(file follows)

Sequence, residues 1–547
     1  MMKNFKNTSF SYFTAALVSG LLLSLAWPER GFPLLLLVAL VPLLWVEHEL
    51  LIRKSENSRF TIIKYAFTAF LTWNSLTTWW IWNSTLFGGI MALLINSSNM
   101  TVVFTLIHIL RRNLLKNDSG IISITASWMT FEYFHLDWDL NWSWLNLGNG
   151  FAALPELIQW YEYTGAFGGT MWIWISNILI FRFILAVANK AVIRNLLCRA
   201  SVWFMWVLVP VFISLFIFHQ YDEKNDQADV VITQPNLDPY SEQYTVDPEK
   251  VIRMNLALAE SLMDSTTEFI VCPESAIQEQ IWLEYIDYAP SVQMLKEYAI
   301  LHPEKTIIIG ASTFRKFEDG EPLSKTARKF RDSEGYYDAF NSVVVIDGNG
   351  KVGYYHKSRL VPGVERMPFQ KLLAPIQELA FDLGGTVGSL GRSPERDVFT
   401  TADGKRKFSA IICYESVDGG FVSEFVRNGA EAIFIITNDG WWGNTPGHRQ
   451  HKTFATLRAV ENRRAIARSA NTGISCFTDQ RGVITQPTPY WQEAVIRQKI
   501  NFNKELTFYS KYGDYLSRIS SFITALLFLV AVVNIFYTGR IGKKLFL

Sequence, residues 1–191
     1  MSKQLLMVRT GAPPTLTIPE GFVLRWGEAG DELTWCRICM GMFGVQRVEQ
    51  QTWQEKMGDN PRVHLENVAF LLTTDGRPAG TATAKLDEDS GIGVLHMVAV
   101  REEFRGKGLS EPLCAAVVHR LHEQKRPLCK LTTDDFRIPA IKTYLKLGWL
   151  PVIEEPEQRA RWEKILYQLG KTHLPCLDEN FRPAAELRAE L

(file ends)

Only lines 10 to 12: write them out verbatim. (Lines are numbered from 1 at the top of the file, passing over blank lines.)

   401  TADGKRKFSA IICYESVDGG FVSEFVRNGA EAIFIITNDG WWGNTPGHRQ
   451  HKTFATLRAV ENRRAIARSA NTGISCFTDQ RGVITQPTPY WQEAVIRQKI
   501  NFNKELTFYS KYGDYLSRIS SFITALLFLV AVVNIFYTGR IGKKLFL